Operation Description
riakc_ping ping PB API. invoked by /riak-cs/ping
riakc_get_cs_bucket getting a bucket record
riakc_get_cs_user_strong getting a user record with PR=all
riakc_get_cs_user getting a user record with R=quorum and PR=one
riakc_put_cs_user putting a user record after create/deleting a bucket
riakc_get_manifest getting a manifest
riakc_put_manifest putting a manifest
riakc_delete_manifest deleting a manifest (invoked via GC)
riakc_get_block_n_one getting a block with N=1 without sloppy quorum
riakc_get_block_n_all getting a block with N=3 after N=1 get failed
riakc_get_block_remote getting a block after N=3 get resulted in not found
riakc_get_block_legacy getting a block when N=1 get is turned off
riakc_put_block putting a block
riakc_put_block_resolved putting a block when block siblings resolution is invoked
riakc_head_block heading a block, invoked via GC
riakc_delete_block_constrained first trial to delete block with PW=all
riakc_delete_block_secondary second trial to delete block with PW=quorum, after PW=all failed
riakc_(get put)_gc_manifest_set
riakc_(get delete)_gc_manifest_set
riakc_(get put)_access
riakc_(get put)_storage
riakc_fold_manifest_objs invoked inside GET Bucket (listing objects within a bucket)
riakc_mapred_storage stats on each MapReduce job performance
riakc_list_all_user_keys all users are listed out when starting storage calculation
riakc_list_all_manifest_keys only used when deleting a bucket to verify it's empty
riakc_list_users_receive_chunk listing users invoked via /riak-cs/users API.
riakc_get_clusterid invoked when for the first time when a proxy_get is performed


That will return a JSON object containing a series of latency histograms and counters for a variety of operations, e.g. object_get and block_put. Alongside each operation there will be a list showing the count and rate for the operation, as well as a latency histogram showing mean, median, and 95th and 99th percentiles:

<operation_name>: [MeterCount, MeterRate, LatencyMean, LatencyMedian, Latency95, Latency99]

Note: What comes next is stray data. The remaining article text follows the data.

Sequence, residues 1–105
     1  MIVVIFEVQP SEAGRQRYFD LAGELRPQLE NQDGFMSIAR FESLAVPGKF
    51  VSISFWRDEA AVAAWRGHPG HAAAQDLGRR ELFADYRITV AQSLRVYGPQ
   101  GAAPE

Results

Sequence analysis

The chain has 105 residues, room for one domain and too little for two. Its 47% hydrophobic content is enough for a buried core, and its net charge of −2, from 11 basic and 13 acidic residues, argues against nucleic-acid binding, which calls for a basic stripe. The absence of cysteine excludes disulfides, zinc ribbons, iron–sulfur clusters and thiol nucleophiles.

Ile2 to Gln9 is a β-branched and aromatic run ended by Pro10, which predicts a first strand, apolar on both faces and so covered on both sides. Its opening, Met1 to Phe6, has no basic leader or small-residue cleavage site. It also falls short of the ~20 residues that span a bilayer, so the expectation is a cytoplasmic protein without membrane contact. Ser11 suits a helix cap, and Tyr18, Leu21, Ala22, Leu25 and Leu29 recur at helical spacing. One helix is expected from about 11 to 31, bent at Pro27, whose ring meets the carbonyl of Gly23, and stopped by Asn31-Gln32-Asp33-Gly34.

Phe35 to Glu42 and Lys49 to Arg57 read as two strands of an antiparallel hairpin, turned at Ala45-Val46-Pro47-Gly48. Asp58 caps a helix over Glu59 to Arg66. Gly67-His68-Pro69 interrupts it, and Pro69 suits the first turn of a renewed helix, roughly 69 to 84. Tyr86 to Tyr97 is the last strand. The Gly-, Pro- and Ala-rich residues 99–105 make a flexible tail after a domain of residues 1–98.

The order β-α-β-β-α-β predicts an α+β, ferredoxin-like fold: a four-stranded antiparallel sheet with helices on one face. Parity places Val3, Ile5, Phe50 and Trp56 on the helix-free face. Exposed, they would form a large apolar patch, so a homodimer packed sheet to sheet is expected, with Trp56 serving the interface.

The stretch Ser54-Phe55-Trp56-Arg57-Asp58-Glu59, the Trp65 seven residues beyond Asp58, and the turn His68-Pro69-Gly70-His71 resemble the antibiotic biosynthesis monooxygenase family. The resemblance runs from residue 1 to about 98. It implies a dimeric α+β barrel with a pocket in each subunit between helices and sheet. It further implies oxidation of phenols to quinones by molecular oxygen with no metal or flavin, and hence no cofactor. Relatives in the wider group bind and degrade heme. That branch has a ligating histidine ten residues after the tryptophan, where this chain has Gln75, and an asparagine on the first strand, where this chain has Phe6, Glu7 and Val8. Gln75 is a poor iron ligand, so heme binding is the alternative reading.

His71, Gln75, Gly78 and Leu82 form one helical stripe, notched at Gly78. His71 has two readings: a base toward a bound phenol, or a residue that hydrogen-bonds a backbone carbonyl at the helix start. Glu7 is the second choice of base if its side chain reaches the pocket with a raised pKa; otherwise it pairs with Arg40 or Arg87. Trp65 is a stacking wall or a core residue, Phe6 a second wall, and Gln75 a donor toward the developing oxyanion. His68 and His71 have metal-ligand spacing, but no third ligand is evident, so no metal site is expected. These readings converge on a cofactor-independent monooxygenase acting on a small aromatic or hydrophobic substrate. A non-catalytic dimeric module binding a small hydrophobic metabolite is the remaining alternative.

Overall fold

You will see a list of that form for each of the following operations:

Operation Description
block_get Total BLOCK GET operations performed
block_put Total BLOCK GET operations performed
block_delete Total BLOCK DELETE operations performed
service_get_buckets Total GET BUCKETS operations performed
bucket_list_keys Total BUCKET LIST KEYS operations performed
bucket_create Total BUCKET CREATE operations performed
bucket_delete Total BUCKET DELETE operations performed
bucket_get_acl Total BUCKET GET ACL operations performed
bucket_put_acl Total BUCKET PUT ACL operations performed
object_get Total GET operations performed
object_put Total PUT operations performed
object_head Total OBJECT HEAD operations performed
object_delete Total OBJECT DELETE operations performed
object_get_acl Total OBJECT GET ACL operations performed
object_put_acl Total OBJECT PUT ACL operations performed


DTrace Probes

Riak CS is built with some probes for use with DTrace to inspect certain operations in the live system, which can be helpful in diagnosing issues.

Usage Examples

The following are examples of using DTrace for inspecting various components of a running Riak CS installation.

Trace User Object Requests

dtrace -qn 'erlang*:::user_trace* /arg2 == 703/ {printf("pid %s: mod %s op %s: user %s bucket/file %s\n", copyinstr(arg0), copyinstr(arg6), copyinstr(arg7), copyinstr(arg8), copyinstr(arg9));}'

Trace Webmachine Resource Execution

dtrace -qn 'erlang*:::user_trace* /arg2 == 705/ {printf("pid %s: %s:%s\n", copyinstr(arg0), copyinstr(arg6), copyinstr(arg7));}'
Note on DTrace Support

Work on packaging of Riak CS for SmartOS and other operating systems with DTrace support is ongoing with the goal of providing enhanced ability to diagnose low-level issues in instances of Riak CS running on such operating systems.